Dish sponsors Daytona race car, zips past TV ad ban on Hopper

Dish's Hopper product lets TV watchers skip the ads -- so the networks have in turn been declining to run ads for the Hopper. But when Fox shows the Daytona 500 on Sunday, the Dish logo will race around that obstacle.

To get on TV, Dish has adopted Leavine Family Racing's No. 95 Ford Fusion driven by Scott Speed. Business Wire

Dish Network is a believer in advertising its Dish Hopper DVR, which allows users to automatically skip ads on recorded programs. The AutoHop feature, as well as the capability to watch programming over the Internet and on mobile devices, are the subject of multiple lawsuits brought by the TV broadcast networks.

To get around the ban by the TV networks on advertising the Hopper product on their airwaves, Dish has become the sponsor for the No. 95 car driven by Scott Speed in Sunday's Daytona 500, which will be on the Fox Broadcasting network.

"Everybody skips commercials, and if Fox, CBS, ABC, and NBC think that's illegal, well I guess that makes us a nation of outlaws," said Dish CEO Joe Clayton in a press release. "We might as well make the No. 95 car the Dish fans' getaway car in what is sure to be an exciting race on Sunday!"

Lawsuits brought by CBS (the parent company of CNET), Fox (News Corp.), NBC (Comcast), and ABC (Disney) so far have not stopped Dish from selling the Hopper, which Dish says is in 2 million homes. The networks contend that Dish Hopper is illegal, and that Dish doesn't have the right to tamper with advertising from broadcast replays for its own economic and commercial advantage.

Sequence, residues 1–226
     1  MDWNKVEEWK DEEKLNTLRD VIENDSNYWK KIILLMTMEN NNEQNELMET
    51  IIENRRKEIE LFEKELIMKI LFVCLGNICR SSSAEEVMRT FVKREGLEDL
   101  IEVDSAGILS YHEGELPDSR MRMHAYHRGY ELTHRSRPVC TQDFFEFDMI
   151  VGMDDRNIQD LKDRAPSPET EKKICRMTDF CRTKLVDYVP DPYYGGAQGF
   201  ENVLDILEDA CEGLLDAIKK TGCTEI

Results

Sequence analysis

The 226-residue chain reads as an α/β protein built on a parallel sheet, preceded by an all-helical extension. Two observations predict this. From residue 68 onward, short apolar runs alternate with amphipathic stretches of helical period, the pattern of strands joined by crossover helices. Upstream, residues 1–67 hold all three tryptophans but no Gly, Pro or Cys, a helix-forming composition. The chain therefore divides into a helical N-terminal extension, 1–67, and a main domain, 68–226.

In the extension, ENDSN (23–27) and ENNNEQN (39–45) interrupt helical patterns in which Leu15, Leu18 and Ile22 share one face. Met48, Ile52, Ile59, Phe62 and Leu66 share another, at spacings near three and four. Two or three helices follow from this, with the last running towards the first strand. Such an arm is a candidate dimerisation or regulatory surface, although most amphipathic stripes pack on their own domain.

On Thursday, Fox amended its lawsuit asking the court to stop sales of Dish's DVR based on features in the just-released Dish Hopper with Sling, which lets users watch programming on the go, over the Internet, and on mobile devices via its place-shifting Sling technology.

Fox maintains that those features in the Dish Hopper with Sling violate the contract between the two companies. Fox's amended lawsuit, filed on Thursday , states (PDF):

By making its bootleg, commercial-free, on-demand programming available over the Internet and on mobile devices via Sling, Dish is usurping rights it never negotiated for and does not possess, in order to compete unfairly with authorized providers such as iTunes and Amazon, who pay for the right to offer commercial-free VOD versions of Fox programming to their customers.

In November 2012, a U.S. District court rejected Fox's request for a preliminary injunction to disable the Dish Hopper AutoHop technology, which was first introduced last year . Fox appealed that ruling to the 9th U.S. Circuit Court of Appeals.

A hearing is slated for March 22 to address Fox's amended claim.

As for Dish's sponsorship of a Daytona car, a Fox representative sent the following statement: "Fox Sports will put all its energy into covering the Daytona 500 in the same extraordinary way we approach every event we televise."

Read: CBS claims Dish concealed AutoHop ad-skipping technology

Read: Dish Chairman Charlie Ergen: 'I don't want to kill ads'

Read: Editor's takes: Dish Hopper with Sling

Read: CEA back Dish in Hopper copyright lawsuit

Update, 9:17 a.m. PT: Adds comment from Fox about Sunday's race.

 

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